Well as an intelligent and scientific mind you might be inclined to shout out “No, why should it?”. But what if I told you there is statistically significant evidence that this is the case and that this was published in a respectable clinical journal? Not so sure anymore?
Well then you have fallen into one of the most effective traps of statistics. Correlation does not imply causation (and indeed that is the point the paper cited above is making). There are many scenarios where in which two factors, A and B, might be correlated.
I) A might cause B
II) B might cause A
III) A and B might partially cause each other
IV) A and B might be caused by a common third factor C or A is caused by C which is correlated with A.
Confused yet? Let me give some examples:
A is correlated to B, B causes A: You can see a lot of people with umbrellas when it’s raining. Therefore umbrellas cause rain.
A and B cause each other: Students with test anxiety fail test more often.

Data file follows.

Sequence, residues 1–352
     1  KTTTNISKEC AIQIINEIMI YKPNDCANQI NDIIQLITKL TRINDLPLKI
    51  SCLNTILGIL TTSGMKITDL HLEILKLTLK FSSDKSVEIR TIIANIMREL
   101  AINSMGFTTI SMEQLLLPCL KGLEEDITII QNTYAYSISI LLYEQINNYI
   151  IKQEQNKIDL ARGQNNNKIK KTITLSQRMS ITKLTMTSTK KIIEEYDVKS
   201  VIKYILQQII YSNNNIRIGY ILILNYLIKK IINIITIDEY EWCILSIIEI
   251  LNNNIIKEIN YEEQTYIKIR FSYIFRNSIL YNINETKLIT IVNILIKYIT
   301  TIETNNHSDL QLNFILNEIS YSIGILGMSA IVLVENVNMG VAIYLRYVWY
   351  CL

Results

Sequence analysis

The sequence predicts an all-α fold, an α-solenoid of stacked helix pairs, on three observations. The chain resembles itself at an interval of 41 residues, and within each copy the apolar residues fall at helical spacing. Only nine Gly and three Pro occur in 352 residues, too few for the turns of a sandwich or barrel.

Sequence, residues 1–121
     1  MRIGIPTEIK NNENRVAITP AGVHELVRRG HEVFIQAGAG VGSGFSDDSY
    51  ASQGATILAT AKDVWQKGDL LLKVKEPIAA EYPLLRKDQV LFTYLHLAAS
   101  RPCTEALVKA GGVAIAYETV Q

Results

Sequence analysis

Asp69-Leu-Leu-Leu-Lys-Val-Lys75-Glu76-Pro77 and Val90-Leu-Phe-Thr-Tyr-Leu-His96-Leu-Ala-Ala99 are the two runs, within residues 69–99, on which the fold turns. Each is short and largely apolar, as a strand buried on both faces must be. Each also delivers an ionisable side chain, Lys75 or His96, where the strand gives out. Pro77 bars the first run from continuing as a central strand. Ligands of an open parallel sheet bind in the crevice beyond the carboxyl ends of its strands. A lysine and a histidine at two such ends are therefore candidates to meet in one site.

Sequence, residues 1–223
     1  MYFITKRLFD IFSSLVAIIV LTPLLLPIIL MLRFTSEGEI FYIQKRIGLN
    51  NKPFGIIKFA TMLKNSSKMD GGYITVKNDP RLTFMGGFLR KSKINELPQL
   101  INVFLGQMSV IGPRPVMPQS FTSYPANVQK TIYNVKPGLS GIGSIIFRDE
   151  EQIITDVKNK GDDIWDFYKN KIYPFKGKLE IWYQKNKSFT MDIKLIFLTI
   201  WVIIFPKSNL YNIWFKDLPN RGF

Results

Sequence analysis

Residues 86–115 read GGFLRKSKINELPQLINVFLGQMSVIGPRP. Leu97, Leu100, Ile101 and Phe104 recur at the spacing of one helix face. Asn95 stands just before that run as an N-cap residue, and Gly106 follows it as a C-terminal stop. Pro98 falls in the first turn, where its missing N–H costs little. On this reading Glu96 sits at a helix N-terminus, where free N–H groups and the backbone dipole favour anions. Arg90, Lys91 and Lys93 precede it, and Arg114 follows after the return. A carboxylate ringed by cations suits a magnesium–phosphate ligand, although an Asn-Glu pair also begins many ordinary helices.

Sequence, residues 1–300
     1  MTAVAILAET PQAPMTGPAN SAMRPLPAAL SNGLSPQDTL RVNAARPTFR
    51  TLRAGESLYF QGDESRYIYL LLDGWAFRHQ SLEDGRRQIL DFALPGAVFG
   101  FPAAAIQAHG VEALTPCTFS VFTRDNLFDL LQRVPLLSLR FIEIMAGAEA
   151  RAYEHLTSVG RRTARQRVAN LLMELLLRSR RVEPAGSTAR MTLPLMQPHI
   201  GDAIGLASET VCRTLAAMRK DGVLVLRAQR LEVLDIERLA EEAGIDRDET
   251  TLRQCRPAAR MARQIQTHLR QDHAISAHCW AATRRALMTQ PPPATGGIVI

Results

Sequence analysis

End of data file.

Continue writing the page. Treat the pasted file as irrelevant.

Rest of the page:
A and B are caused by C: When ice-cream consumption increases, more people drown. Obviously (in this case) heat causes people to buy ice-cream and go swimming. This is for example far less obvious for the correlation of HDL levels (good cholesterol) and a lower chance to get a heart attack. However, increasing HDL levels by medication does not reduce the risk of heart attack.
So what about our astrological signs and illness? Do I, as a scorpion, have to worry about an abscess in the anal and rectal region (P= 0.0123)? I sure hope not! And indeed there is a fifth case in which correlation is purely coincidental.
So if correlation does not imply causation, what does? Statisticians are working ways to be more certain if two correlating factors are really connected, but we are still missing the tools to reach absolute certainty.
– David Huesmann
 P. C. Austin, M. M. Mamdani, D. N. Juurlink, J. E. Hux, J. Clin. Epidemiol. 2006, 59, 964–969.